This is an actual question I received via e-mail:
“Is there an expiry date allowing relief if there has never been issued an NTA? My example is where, after a statement at a port of entry was given and a temporary green card with a one year validity was issued, an NTA was never received and my number is not found in the system. What is the direction one would progress with regards to this? An attorney states that representation is not needed until a case has been filed with an IJ, therefore an attorney can do nothing.”
My answer is: I disagree. Of course a good attorney can do something in most any case. In this case, contact the USICE or USCBP that conducted the initial entry issue and issued any document to the alien. Maybe the NTA was never issued. If so, there is nothing to consider. If the NTA was issued, file a G-28 and ask for a copy of the NTA; review the NTA. Determine if and when it was filed with the Court. If it was not filed, then why not? Perhaps the prosecuting DHS attorneys or ICE investigators decided not to pursue the NTA. If that was their discretionary decision, then nothing else need be done. However, if the NTA was filed with the court, then perhaps the Court has misfiled it and never opened a new case. In that case, perhaps an inquiry to the court is in order.
An attorney has to take several factors into account…..what are the possible charges on the NTA? Why was it never filed or, was it lost? Is it possible to mount a valid defense to the charges on the NTA?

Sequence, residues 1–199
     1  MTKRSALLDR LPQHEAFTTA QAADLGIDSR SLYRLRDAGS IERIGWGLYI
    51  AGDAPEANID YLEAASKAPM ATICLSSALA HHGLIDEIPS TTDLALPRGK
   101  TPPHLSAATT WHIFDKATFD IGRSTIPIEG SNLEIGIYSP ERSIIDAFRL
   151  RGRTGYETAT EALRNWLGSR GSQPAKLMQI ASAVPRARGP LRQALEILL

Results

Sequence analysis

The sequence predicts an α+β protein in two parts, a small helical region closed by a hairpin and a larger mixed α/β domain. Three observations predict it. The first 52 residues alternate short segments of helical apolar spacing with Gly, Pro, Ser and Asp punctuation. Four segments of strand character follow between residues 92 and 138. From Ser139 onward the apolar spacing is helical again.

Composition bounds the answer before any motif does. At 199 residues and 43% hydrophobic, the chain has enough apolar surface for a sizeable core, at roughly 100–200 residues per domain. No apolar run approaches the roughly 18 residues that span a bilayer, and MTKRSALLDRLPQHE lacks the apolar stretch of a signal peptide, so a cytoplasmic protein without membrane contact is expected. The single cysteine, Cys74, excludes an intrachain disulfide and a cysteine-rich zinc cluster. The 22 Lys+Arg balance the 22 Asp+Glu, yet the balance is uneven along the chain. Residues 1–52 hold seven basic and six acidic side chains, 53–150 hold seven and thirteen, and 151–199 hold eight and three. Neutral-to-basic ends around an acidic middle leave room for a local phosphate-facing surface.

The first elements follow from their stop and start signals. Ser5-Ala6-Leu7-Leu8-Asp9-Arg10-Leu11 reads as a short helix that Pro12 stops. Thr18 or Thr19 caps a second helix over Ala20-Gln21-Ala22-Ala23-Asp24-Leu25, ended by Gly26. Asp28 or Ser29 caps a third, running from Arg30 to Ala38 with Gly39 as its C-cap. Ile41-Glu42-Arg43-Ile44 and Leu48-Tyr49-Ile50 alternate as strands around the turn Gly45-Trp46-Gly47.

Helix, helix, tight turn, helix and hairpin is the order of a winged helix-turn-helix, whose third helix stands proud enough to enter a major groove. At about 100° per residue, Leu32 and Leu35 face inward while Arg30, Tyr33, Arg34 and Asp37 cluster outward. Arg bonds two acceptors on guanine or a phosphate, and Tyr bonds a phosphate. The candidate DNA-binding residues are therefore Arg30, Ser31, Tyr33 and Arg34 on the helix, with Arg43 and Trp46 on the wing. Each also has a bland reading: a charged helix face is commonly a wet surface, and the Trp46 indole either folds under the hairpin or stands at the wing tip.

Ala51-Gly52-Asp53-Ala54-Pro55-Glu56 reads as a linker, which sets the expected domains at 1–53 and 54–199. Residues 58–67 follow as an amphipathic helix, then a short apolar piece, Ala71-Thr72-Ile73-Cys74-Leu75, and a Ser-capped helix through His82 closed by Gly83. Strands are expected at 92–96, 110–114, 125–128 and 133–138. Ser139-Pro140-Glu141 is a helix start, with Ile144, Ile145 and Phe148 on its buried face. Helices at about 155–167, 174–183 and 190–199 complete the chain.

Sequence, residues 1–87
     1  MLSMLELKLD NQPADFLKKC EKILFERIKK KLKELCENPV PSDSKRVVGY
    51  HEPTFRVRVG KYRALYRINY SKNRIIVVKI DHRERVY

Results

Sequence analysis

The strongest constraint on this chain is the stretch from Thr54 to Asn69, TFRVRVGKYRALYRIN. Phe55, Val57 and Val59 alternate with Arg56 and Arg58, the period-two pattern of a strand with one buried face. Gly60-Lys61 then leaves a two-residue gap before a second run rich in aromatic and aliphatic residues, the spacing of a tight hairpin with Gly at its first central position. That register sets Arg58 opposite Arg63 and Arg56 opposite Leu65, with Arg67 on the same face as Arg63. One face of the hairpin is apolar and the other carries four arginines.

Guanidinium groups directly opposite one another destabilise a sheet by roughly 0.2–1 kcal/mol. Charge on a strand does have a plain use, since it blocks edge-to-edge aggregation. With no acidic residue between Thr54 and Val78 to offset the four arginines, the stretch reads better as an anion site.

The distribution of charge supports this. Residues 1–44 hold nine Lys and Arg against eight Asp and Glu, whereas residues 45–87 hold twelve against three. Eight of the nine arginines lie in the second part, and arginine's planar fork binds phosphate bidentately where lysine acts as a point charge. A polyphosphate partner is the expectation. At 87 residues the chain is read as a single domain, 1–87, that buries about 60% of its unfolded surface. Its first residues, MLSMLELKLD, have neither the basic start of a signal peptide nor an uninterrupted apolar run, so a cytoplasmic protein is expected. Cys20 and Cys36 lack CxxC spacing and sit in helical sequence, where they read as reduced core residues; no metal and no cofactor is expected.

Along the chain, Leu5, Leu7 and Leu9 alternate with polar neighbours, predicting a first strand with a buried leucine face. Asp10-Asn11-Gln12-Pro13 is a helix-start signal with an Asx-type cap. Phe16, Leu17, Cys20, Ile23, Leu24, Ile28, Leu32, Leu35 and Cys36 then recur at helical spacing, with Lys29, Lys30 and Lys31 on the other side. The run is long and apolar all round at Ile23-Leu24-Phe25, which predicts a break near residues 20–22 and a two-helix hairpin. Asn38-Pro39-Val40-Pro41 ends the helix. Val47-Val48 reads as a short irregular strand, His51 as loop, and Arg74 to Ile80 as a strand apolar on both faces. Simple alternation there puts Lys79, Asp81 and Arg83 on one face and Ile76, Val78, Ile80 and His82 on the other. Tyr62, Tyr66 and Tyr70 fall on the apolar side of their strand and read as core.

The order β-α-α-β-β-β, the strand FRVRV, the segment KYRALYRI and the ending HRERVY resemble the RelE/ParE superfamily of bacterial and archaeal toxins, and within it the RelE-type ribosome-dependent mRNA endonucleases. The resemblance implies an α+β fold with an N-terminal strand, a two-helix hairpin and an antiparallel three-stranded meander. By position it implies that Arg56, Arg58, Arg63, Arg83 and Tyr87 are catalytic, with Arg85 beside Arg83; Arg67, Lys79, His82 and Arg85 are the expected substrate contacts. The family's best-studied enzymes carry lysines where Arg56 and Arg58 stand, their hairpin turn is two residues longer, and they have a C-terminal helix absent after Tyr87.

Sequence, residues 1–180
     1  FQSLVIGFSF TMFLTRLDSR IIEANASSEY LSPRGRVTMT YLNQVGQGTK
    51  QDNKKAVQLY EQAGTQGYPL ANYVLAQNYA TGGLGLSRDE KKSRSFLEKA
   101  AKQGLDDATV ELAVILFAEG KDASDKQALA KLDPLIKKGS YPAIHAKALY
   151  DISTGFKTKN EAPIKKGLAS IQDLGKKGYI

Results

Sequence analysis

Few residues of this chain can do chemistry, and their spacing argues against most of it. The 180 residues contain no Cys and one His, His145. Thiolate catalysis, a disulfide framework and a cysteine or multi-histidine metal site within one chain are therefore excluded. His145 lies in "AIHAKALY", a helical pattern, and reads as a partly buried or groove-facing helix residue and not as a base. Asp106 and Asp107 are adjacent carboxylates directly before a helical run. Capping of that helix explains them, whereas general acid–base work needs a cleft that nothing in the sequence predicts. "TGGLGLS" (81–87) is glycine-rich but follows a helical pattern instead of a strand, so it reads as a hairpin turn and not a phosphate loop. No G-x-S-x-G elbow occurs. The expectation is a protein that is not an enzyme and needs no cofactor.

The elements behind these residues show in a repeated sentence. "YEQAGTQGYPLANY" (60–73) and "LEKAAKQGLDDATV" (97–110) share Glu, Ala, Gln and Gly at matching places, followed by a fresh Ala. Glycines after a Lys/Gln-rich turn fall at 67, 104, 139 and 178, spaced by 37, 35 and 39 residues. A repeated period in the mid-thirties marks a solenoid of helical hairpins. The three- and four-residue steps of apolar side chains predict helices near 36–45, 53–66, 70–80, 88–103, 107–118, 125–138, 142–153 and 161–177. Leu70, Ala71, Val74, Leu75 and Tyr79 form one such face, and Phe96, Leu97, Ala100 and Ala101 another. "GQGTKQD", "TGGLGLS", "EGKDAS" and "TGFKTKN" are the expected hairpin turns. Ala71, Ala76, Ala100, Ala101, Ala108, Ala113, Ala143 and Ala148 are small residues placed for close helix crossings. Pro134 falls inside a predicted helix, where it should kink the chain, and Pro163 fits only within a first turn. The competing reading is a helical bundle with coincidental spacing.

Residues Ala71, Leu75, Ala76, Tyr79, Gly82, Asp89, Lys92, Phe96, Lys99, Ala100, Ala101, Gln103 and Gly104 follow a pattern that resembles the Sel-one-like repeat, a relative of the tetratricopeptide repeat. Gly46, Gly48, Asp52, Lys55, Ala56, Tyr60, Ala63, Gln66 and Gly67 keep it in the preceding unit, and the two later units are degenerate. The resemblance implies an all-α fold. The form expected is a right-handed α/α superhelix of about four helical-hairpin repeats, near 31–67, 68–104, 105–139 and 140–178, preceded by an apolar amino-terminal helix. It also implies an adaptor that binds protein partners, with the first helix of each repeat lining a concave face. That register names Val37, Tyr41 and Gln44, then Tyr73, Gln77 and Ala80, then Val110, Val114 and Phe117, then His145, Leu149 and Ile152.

Also, note that an asylum application must be filed within one year of entry to the USA. If this deadline is missed, then the asylum application could be denied absent extraordinary circumstances. So, if the alien has a valid claim to asylum, be sure to file the I-589 (asylum application) within one year of entry to the USA.
About the author:
I practice in the areas of immigration and small business law in Akron, Ohio. In addition to my law practice, I am also an adjunct (part-time) professor of immigration law at the University of Akron, School of Law (“Akron Law”). My busy and challenging immigration practice comprises cases from all areas of immigration including family, business, and student visas, employment, H-1b, Labor Certification, PERM, O-1, L-1, EB-1 and EB-2, as well as more specialized areas of practice such as asylum, deportation, removal, and federal and state court litigation. I work from the beginning to end of complex applications involving spouses of US Citizens and their immediate family. I am especially proud to represent clients in fiancé, marriage, and citizenship cases and bring their families to the USA. Likewise, I defend clients vigorously in deportation or removal cases and work hard to win their “green cards”. For your regular reference please bookmark my blog – The Law Offices of Farhad Sethna. Please give us your feedback and let us know if the information we presented was helpful.